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in the present list of Scholiasts on the Bible. His notes are selected with great judgment from the labours of Bishop Patrick, Lowth, Whitby, and others; and his mode of printing the text is admirable. The historical parts, which are in prose, are printed in continuous paragraphs; and the poetical parts are divided into verses. Each book is divided into sections, conformable to the natural divisions of the several subjects; and to facilitate reference, the chapters and verses are distinctly pointed out in the margin. There is a learned preface to all the editions. In our analysis of the different books of Scripture, particularly of the Old Testament, we have frequently adopted Mr. Reeves's sectional divisions, which are for the most part very judiciously made. It may be proper to add that the printing of Mr. Reeves's editions was executed by Messrs. Bulmer & Co., and by Mr. Bensley, and may safely challenge competition with the most beautiful specimens of British typography. There are some copies extant in four volumes, 8vo., without the Scholia.

SECTION II.

JEWISH COMMENTATORS.

A FEW only of the Jewish Rabbins have illustrated every individual book of the Old Testament: the following are those held in the highest estimation by the Jews.1

RABBI SOLOMON JARCHI, Ben Isaac, usually cited as RASCHI from the contraction of his names, was a native of Troyes in Champagne : he wrote commentaries on the entire Bible, as well as the chief part of the Talmud, and from his extensive learning is accounted one of the most learned Jewish expositors. His style, however, is so exceedingly obscure as to require an ample comment to make it intelligible. He died A. D. 1180. Many of his commentaries have been printed in Hebrew, and some have been translated into Latin by Christians; as that on Esther by Philip Daquin, that on Joel by Genebrard, and those on Obadiah, Jonah, and Zephaniah, by Pontac. A German version of his entire Commentary on the Pentateuch, and on some other books of the Old Testament, was published by Breithaupt, in 4to. at Gotha, in 1710.

2. Rabbi ABRAHAM ABEN EZRA was a native of Spain, and flourished in the twelfth century; his Commentaries on the Scriptures, written in an elegant style, are much esteemed both by Jews and Christians.

3. Rabbi DAVID KIMCHI was also a native of Spain, and flourished towards the close of the twelfth century; he wrote Commentaries on the Old Testament, which are highly valued, particularly that on the prophet Isaiah.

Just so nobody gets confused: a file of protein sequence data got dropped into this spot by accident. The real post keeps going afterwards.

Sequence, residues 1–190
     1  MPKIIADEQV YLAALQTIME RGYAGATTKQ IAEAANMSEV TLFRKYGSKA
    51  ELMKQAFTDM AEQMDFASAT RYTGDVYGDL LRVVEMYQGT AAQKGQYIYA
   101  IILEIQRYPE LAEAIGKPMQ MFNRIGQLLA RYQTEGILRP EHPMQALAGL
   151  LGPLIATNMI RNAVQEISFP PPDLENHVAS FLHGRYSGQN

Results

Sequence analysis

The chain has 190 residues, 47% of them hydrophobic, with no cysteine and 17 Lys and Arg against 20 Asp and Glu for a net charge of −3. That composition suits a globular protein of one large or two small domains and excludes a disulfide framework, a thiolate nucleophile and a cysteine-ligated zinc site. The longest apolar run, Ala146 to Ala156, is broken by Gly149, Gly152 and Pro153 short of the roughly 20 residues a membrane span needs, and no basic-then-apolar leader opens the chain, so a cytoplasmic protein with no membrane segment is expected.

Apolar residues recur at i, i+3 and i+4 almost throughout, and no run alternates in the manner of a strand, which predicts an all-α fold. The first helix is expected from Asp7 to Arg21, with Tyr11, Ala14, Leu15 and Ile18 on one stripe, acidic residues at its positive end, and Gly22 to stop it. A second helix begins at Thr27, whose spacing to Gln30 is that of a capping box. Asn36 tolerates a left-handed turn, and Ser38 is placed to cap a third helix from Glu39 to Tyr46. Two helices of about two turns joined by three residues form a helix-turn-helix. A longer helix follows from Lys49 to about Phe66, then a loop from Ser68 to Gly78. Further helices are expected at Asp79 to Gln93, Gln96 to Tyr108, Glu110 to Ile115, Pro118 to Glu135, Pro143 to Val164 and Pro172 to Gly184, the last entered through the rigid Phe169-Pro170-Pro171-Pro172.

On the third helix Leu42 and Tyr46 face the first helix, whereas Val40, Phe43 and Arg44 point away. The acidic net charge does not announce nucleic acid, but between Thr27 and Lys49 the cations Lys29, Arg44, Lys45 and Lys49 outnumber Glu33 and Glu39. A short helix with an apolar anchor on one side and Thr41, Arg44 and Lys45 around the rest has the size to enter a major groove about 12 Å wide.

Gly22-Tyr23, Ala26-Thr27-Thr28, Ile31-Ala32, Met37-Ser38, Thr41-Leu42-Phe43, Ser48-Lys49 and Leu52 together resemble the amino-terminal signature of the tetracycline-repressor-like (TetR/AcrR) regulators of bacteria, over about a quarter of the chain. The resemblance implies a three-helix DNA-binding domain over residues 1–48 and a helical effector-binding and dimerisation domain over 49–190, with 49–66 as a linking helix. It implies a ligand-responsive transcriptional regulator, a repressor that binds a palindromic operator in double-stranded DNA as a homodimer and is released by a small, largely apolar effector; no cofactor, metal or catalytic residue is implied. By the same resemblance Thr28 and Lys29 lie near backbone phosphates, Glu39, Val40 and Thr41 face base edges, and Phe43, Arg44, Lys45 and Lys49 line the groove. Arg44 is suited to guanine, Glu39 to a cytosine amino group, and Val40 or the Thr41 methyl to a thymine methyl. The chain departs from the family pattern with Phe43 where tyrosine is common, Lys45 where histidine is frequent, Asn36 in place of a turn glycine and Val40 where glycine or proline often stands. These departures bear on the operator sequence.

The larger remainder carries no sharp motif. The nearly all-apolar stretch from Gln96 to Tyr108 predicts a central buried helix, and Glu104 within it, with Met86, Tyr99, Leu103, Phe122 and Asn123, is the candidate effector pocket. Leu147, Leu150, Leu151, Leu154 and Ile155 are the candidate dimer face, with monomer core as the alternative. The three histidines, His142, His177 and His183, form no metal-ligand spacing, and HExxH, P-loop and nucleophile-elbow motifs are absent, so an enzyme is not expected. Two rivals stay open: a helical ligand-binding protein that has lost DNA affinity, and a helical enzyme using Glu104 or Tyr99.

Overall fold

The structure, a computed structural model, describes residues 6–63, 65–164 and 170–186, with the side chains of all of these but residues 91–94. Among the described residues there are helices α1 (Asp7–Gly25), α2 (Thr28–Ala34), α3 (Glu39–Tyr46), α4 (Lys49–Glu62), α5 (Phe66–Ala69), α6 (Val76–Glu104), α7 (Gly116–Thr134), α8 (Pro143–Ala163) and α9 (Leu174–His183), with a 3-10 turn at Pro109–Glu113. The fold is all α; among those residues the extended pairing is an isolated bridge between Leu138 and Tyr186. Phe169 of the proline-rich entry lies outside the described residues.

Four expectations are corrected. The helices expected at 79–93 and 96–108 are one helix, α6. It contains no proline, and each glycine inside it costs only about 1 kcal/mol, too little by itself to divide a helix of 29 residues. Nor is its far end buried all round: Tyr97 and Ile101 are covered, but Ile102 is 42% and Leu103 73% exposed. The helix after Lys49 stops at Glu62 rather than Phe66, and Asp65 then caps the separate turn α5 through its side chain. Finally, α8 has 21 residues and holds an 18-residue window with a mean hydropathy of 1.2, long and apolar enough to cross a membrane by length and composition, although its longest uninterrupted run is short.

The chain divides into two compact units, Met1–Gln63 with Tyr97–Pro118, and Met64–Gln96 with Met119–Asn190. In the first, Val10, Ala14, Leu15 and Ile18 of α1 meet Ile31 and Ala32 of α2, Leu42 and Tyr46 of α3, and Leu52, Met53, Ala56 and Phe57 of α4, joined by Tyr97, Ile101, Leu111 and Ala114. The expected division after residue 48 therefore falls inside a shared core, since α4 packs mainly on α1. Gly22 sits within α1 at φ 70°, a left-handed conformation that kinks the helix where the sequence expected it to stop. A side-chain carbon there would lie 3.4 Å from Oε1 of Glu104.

4. Rabbi LEVI BEN GERSHOM, a Spanish Jew, was contemporary with Kimchi: his Commentaries on the Scripture, especially on the Pentateuch, are much esteemed. He accounted for the miracles from natural causes.

5. Rabbi ISAAC ABARBANEL, or ABRAVANEL, (as he is sometimes called) a Portuguese Jew, flourished in the fifteenth century, and wrote Commentaries on the Pentateuch, the whole of the Prophets,

1 In this account of the Jewish Expositors, we have chiefly followed Carpzov, in his Introductio ad Libros Canonicos Veteris Testamenti, pp. 35. et seq. and De Rossi's scarce work, entitled Bibliotheca Judaica Antichristiana, quâ editi et inediti Judæorum Libri recensentur. Royal 8vo., Parma, 1800. Wolfius has also treated on the Jewish Commentators, in his Bibliotheca Hebræa, tom. ii. p. 368. et passim. For an account of the Chaldee Paraphrases, see Part I. pp. 157–163. of this vo lume, supra.

and some other Books of Scripture: notwithstanding his inveterate enmity against Christianity, his writings are much valued by Christians, and are highly extolled by the Jews.

6. Rabbi SOLOMON ABENMELECH, a native of Spain, flourished in the sixteenth century, and wrote Scholia on the whole of the Old Testament, in which he has interspersed the best of Kimchi's Grammatical Observations.

The Commentaries of these Rabbins are inserted in the Biblia Rabbinica, published by Bomberg at Venice, in 4 vols. folio, 1518, and again in 1525 and 1526, and in Buxtorf's edition, printed at Basle, 1618, in 4 vols. folio.

7. Rabbi MOSES BEN MAIMON, usually called Maimonides, though not a Commentator on the whole of the Old Testament, ought not to be omitted, on account of his Moreh Nevochim, or Teacher of the Perplexed, a valuable work that explains difficult phrases, passages, parables, and allegories. The best edition of this work is that of Basil, 1629, 4to. His Porta Mosis was edited by Pococke (in Arabic and Latin) at Oxford, 1645, 4to. and his Treatises, De Jure Pauperis, &c. (Heb. and Lat.) by Prideaux, Oxford, 1679; and De Sacrificiis, 4to. London, 1683.

Several parts of the works of the above-mentioned Rabbins have been printed in a separate form, viz.

1. ABARBANEL.

Commentarius in Pentateuchum, curâ Henrici Van Bashuisen. Hanover, 1710. folio.

Ejusdem, Commentarius in Prophetas priores, curâ Augusti Pfeiffer. Lipsiæ, 1686. folio.

Ejusdem, Commentarius in Hoseam, Latine, cum notis, Fr. ab Husen. Lugd. Bat. 1686.

Ejusdem, Commentarius in Nahum, curâ J. D. Sprecheri. Helmstadt, 1703. 4to.

2. ABENMELech. Ex Michlal Jophi seu Commentario R. Salom. Abenmelech in Veteris Testamenti Libros, una cum spicilegio R. Jac. Abendanæ, particula, complectens prophetiam Jonæ. Heb. et Lat. edente Ernest. Christ. Fabricio. Gottingen, 1792. 8vo.

3. JARCHI.—R. Sal. Jarchii Commentarius in omnes Veteris Testamenti Libros, versus et illustratus a Jo. Frid. Breithaupto, 3 vols. 4to. Gothæ, 1713.

4. KIMCHI.-R. D. Kimchii Commentarius in Jesaiam, Latine versus a Cæsare Malamineo. Florence, 1774. 4to.